On July 14, Tzu Chi Foundation held a screening of patients for the upcoming cataract mission in Ormoc City in August. Based on the results of their post-surgery tests, more than 100 patients qualified to undergo the surgeries.
Medical students from Tzu Chi University in Hualien, Taiwan assisted the volunteers, doctors, and nurses during the screening. Some of them also went to visit the patients to their homes in order to understand the latter’s situation. The experience opened the students’ minds to the importance of treating patients not for the purpose of accumulating physical wealth but to help, regardless of the latter’s social status, race, and religion.
In preparation for Tzu Chi Foundation’s first large-scale cataract mission in Ormoc, a screening of patients was conducted on July 14 at the Ormoc District Hospital (ODH). Members of Tzu Chi International Medical Association (TIMA) doctors from Manila provided the free consultations.
Tzu Chi had coordinated with the ODH to provide the necessary chest x-rays for the patients. The Buddhist group also brought its own ECG (electrocardiogram) machine, while TIMA doctors brought portable x-ray readers and conducted blood tests.
With the pre-operation tests complete, the team of doctors and nurses to were able to immediately identify over 100 patients who are qualified to undergo the free surgeries on August 4 and 5. For these patients, it won’t be long until they can regain the function of their eyes again.
However, some patients are not as lucky.
Living up in the mountain village of Mabini, 48-year-old Celestino Cabacoy had supported his family from farming a land he doesn’t own.
In 2017, he lost his vision to cataracts. Today, the father of four could only move when his wife, Mariza, would assist him.
Life was better when Celestino could still work. “But after he fell ill, our second eldest son had to quit studying and work instead to help with the expenses,” said Mariza, 44.
Their 16-year-old son, who took a job as helper to a backhoe driver, is now the family’s breadwinner. Mariza, on the other hand, receives Php700 monthly from working as the village’s peace and order personnel.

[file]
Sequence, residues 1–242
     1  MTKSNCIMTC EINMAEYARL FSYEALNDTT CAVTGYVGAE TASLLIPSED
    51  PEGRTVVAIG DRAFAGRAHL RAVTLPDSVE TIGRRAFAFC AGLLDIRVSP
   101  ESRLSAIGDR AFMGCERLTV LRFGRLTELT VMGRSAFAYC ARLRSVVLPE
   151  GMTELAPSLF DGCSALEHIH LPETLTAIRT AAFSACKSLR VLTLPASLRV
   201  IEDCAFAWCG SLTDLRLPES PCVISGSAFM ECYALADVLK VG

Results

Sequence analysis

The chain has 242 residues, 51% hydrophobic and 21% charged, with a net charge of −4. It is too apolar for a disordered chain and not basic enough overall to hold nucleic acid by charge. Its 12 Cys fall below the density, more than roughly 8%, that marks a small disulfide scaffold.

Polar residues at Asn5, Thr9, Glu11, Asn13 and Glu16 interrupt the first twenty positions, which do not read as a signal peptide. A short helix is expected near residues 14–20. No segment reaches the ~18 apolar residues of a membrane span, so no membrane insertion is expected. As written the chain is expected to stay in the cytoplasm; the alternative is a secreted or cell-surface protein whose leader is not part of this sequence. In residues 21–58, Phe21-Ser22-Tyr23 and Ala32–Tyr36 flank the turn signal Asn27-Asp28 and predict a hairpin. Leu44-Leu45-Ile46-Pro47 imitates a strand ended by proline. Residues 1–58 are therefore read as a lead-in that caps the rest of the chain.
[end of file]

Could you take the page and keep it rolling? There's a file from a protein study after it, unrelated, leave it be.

The sad fate of his family is a constant source of anxiety to Celestino. “It should have been my responsibility to support them, but because of my condition, my poor son had to take the burden instead,” he said.
A few houses down Cabacoy’s, the shanty of Mira Galano, 30, stands forlornly. Built in wood, this is where Mira struggles to raise a family.
Mira lost her vision when she was only 20 years old. As a result, she could only guess how her husband and their two children look like. She mostly stays home, while her husband works as a construction worker to support them. Unable to see, Mira’s mother and other relatives assist her in doing the household chores.
Mira’s condition poses a serious challenge in how she raises her children. “I always fear that I might cause an accident to my children whenever I am looking after them since I am not able to see well,” she said.
Medical students from Tzu Chi University in Taiwan visited Celestino and Mira in their homes. Accompanied by local youth volunteers, they travelled through the bumpy dirt road to Barangay Mabini in order to take the patients to be seen by TIMA ophthalmologists.
Upon checkup however, it was found out that Mira’s condition is beyond treatment. The nerves on her eyes have been badly damaged.
Celestino, on the other hand, was advised to first treat the infection on his eyes. The treatment is estimated to last for three to four months. It is only after this that he can undergo a cataract surgery.
Although saddened by the result of their consultations with the doctors, both patients remained grateful for the volunteers’ love and concern.
To ease Mira’s sadness, TCU students sang a classic Filipino song called, “May Bukas Pa” (There Is a Tomorrow) for her.
“Somehow, the heaviness in my heart was lifted,” said Mira after singing along with the students to the song.
The experience had brought a lot of new insights for the Taiwan-based students.
Wu Che-Kuang, a Physical Therapy student, shared Tzu Chi founder Master Cheng Yen’s constant reminder – to cherish blessings. “After we see suffering, we should create more blessings. We should help and give back happiness to others since we have received so much happiness in our own lives,” he said.
Wen Hui-Ru, a Medicine student, will also treasure this experience. “This trip has made me see from the perspective of the suffering person, and helped me figure out how I can help my future patients,” she said.
Meanwhile, 19-year-old Nursing student Lu Pen-Ting vowed, “Seeing that in some areas, there are patients who do not have access to medical services makes me want to be a good nurse in the future not for the money, but in order to really help the needy patients.”